By Oscar Martinez, Latin American Editor
CALAMA, Chile (August 14, 2019)—One of the most important milestones in the history of the Chilean mining took place recently in the north of the country. The National Copper Corp. of Chile (Codelco) has officially inaugurated the first level of its new underground mine that will replace Chile’s largest open-pit copper mine. The new mine has already started production, but it will have to go through a long ramp-up process before reaching the expected production of 140,000 metric tons of ore per day (mt/d), which will translate into 366,000 mt/y of copper and more of 18,000 mt/y of molybdenum.
After 104 years, one of the world’s largest open-pit mines will transition to a high-tech underground operation that has been designed to meet stringent safety and environmental standards, extending the mine life span for another 40 years. The company will use a traditional block-cave mining method with a macroblock configuration of approximately 35,000 m2 for each block. Each level of the new mine — three levels in total — will have between 16 to 20 macroblocks. According to Codelco’s estimates, Chuqui UG will have 1.03 billion mt of reserves with a grade of 0.82% copper, which represents more than 60% of what has been mined in the last 90 years.
The northern division of Codelco (División Codelco Norte) invited E&MJ to the official opening ceremony that kickstarted the transfer from open pit to underground mining at the Chuquicamata mine site. The ceremony was attended by numerous regional and national authorities, headed by President Sebastían Piñera, community representatives, industry leaders, trusted suppliers and company employees. “Today is an important day, just a few companies have been able to reinvent themselves as Codelco has. This project will extend the life of this mine by 40 years and required a gigantic effort in design, creativity, and adapting to the new times,” Piñera said.
Also, the Codelco’s chairman, Juan Benavides, emphasized that “a transformation that will maximize the economic value of the company and its contribution to the state in the long term has begun, and we will put all our willingness, talent and commitment to strengthen the skills we need to achieve it.” The executive added that “with better projects and greater development of our resources, we commit ourselves to reposition Codelco among the most competitive, sustainable and profitable copper producers in the world. We are proud of what we have advanced and enthusiastic about the road ahead.”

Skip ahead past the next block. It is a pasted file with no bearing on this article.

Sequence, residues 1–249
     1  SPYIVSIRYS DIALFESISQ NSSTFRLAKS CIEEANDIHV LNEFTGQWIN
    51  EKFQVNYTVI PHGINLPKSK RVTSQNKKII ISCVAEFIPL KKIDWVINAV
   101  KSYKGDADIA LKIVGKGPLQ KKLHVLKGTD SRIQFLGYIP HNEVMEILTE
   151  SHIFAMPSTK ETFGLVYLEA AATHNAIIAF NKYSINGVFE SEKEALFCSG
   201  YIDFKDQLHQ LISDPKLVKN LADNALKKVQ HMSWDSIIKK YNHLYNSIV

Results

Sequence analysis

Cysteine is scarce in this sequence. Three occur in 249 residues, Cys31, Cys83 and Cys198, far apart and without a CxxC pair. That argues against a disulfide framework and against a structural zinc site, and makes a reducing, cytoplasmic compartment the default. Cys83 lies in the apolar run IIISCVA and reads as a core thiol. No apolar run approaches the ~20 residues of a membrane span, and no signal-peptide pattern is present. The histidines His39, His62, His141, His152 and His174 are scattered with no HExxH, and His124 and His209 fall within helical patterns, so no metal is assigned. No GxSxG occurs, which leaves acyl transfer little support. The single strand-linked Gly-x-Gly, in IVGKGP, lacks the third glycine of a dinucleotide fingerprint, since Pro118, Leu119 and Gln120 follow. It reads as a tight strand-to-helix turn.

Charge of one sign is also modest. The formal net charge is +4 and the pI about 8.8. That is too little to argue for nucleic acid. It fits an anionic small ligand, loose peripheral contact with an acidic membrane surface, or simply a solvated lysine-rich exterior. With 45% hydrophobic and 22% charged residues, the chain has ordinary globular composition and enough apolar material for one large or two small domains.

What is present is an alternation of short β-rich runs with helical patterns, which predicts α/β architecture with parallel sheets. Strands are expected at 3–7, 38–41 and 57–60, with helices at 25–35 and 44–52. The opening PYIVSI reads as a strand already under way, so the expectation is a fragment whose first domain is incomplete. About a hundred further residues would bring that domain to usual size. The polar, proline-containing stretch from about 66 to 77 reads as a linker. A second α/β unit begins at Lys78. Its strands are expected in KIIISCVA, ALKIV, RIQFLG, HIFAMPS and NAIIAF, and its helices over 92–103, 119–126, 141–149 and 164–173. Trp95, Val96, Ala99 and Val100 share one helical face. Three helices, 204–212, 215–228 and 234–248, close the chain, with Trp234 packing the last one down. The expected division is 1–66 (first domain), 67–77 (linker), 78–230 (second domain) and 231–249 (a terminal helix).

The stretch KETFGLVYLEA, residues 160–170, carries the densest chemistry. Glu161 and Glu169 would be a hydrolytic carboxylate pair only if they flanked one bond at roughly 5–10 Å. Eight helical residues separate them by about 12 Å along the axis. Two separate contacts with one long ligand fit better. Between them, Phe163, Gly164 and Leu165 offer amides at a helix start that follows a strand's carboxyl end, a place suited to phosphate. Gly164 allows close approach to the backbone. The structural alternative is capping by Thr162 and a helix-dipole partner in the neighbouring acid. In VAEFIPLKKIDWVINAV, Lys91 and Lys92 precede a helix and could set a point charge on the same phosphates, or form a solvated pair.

Codelco’s CEO, Nelson Pizarro, highlighted the enormity of this feat of mining engineering, which began in the mid-1990s with the exploration stage drilling nearly 150,000 m. The project involved an 18-year cycle of investments from the initial engineering and design work that began in 2002. “We developed 145 km of mining works and installed 6,300 tons of structure for the ore handling systems. We also bought and deployed three rotary crushers and 14 km of conveyor belts. Project execution required more than 1 million man-hours for engineering and 30 million man-hours in total,” Pizarro explained. He also highlighted an almost 40% increase in productivity expected in this mining operation. This improvement will allow productivity to reach 61 mt/miner of copper in 2025, compared to Chuqui’s current 44 mt/miner.
Chuqui UG is expected to produce nearly 320,000 mt/y of copper by 2026. The depth of the third level will be 900 meters below the bottom of the current pit and more than 2 km below the Earth’s surface. This underground operation will allow a more modern, efficient and sustainable production, as the division will reduce by 97% the emission of particulate material (PM10). It will not increase water consumption and will annually reduce diesel consumption from 75,000 m3 to a much lower range that goes from 2,000 to 15,000 m3, resulting in at least an 80% fuel savings.